In 2015, Section 115 of the Delaware General Corporation Law (“DGCL”) was added to clarify that Delaware corporations may adopt bylaws requiring that any litigation regarding internal corporate claims be filed in Delaware (commonly referred to as “forum-selection bylaws”).  At the same time, Section 109(b) of the DGCL was amended to make clear that Delaware corporations (other than non-stock corporations) may not adopt bylaws that would shift litigation expenses onto unsuccessful stockholder-plaintiffs in internal corporate litigation (commonly referred to as “fee-shifting bylaws”).  These simultaneous amendments left open the question of whether a limited fee-shifting bylaw, which would only be triggered if the stockholder filed an internal corporate claim outside of Delaware in violation of the corporation’s forum-selection bylaw, would be valid under Delaware law. Continue Reading Chancery Court Invalidates Bylaw Purporting to Shift Litigation Expenses onto Stockholders Who Violate a Valid Forum-Selection Bylaw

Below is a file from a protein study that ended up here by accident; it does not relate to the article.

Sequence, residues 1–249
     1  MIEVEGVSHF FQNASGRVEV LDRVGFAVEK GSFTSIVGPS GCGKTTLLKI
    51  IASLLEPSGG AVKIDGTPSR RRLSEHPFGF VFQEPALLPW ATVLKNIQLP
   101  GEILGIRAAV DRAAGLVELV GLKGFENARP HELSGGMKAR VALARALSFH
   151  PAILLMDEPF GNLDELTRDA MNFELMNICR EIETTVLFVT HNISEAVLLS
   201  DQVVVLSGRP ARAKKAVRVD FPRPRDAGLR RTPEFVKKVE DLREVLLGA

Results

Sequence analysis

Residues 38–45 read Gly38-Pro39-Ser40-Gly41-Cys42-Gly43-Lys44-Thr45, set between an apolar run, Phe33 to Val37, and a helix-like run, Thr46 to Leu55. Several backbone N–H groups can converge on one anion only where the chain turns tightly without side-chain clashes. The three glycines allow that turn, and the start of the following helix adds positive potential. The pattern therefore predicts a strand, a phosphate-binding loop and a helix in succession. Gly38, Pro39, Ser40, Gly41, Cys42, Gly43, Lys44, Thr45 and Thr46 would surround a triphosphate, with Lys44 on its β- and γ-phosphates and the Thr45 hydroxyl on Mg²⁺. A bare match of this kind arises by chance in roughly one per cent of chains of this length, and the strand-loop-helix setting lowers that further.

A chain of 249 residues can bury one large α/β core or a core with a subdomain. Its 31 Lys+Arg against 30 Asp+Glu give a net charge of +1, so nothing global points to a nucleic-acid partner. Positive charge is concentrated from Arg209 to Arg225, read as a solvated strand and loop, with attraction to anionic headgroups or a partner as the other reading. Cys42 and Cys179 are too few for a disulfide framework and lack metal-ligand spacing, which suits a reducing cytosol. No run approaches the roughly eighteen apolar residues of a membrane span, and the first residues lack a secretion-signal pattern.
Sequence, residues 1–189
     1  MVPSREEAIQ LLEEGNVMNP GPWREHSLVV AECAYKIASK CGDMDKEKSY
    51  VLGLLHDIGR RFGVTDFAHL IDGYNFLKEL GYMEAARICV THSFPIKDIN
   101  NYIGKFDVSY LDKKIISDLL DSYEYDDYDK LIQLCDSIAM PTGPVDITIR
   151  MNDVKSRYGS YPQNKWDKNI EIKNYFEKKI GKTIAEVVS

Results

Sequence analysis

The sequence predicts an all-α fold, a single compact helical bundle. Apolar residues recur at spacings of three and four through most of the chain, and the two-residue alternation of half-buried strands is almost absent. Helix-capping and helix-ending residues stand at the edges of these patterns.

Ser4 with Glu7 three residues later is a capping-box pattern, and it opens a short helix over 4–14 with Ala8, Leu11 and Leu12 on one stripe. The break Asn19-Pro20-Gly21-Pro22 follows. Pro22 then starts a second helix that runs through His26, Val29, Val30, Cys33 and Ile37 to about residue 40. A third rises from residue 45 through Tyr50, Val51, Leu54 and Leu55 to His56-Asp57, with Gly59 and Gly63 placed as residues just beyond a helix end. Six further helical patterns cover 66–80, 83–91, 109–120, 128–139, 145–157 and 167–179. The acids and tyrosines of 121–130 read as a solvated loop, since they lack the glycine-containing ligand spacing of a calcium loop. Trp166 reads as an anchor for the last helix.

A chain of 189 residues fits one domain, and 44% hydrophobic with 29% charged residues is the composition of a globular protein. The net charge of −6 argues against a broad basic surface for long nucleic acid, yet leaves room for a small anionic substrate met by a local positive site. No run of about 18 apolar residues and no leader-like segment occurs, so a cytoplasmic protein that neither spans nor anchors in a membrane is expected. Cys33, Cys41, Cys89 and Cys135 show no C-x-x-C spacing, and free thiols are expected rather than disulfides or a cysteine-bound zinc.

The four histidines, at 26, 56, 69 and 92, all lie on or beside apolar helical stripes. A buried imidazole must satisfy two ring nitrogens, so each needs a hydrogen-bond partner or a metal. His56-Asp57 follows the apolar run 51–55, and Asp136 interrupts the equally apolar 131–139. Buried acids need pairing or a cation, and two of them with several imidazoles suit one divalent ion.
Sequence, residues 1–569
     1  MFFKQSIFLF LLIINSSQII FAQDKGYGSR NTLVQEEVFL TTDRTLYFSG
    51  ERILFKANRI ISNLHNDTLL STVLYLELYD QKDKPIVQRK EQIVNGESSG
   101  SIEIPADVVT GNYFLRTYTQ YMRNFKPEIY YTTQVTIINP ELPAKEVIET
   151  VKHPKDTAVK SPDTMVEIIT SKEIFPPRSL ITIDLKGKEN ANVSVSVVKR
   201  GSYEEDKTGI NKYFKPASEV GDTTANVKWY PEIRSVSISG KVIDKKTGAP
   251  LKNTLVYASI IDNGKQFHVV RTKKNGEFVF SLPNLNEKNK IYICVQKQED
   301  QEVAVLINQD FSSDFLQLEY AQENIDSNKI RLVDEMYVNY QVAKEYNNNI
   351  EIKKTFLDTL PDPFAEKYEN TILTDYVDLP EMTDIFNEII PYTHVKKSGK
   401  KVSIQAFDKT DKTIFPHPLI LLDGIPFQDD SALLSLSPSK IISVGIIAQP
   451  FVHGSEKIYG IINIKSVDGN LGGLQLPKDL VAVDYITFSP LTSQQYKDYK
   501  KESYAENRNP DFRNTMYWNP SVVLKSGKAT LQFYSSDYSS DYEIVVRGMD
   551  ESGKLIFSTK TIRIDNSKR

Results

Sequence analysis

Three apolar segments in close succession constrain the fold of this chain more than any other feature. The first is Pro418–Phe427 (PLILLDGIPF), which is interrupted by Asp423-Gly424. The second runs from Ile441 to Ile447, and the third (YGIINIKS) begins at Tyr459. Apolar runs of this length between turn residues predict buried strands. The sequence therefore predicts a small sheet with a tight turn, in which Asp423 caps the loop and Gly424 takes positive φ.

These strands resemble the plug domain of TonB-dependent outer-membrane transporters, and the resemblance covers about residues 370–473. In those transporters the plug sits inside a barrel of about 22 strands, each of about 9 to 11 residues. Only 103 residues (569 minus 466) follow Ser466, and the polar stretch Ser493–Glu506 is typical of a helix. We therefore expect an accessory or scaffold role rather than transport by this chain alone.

Playing a Zynga game often requires patience.  Patience, and persistence, were a winning combination for the plaintiff Thomas Sandys who brought a derivative suit against Zynga for alleged breaches of fiduciary duties after the Zynga Board approved a secondary sale of company stock by insiders, including Zynga’s controlling shareholder and then-CEO (“controlling shareholder/CEO”) during a blackout period.  Shortly after the sale, a disappointing earnings announcement resulted in a significant stock price drop. Continue Reading From the Game Room to the Board Room – Reconsidering the Independence of Independent Directors

On Tuesday, December 27, 2016, the United States Court of Appeals for the Tenth Circuit in Bandimere v. S.E.C., found that the Securities and Exchange Commission’s (“SEC”) use of administrative law judges (“ALJs”) violated the U.S. Constitution.  While the court’s opinion relies on a somewhat arcane question of administrative law—whether the hiring of SEC ALJs violated the Appointments Clause—its decision to set aside an SEC order imposing sanctions for securities laws violations raises significant questions about future SEC claims brought before ALJs rather than in federal courts, as well as prior adjudications.  With the D.C. Circuit currently considering whether to grant rehearing en banc on its recent holding that these same SEC proceedings were constitutional, the Tenth Circuit’s decision is sure to draw considerable scrutiny in the months ahead and may well give rise to Supreme Court review of the issue. Continue Reading Appellate Courts Split Over Constitutionality of SEC Administrative Proceedings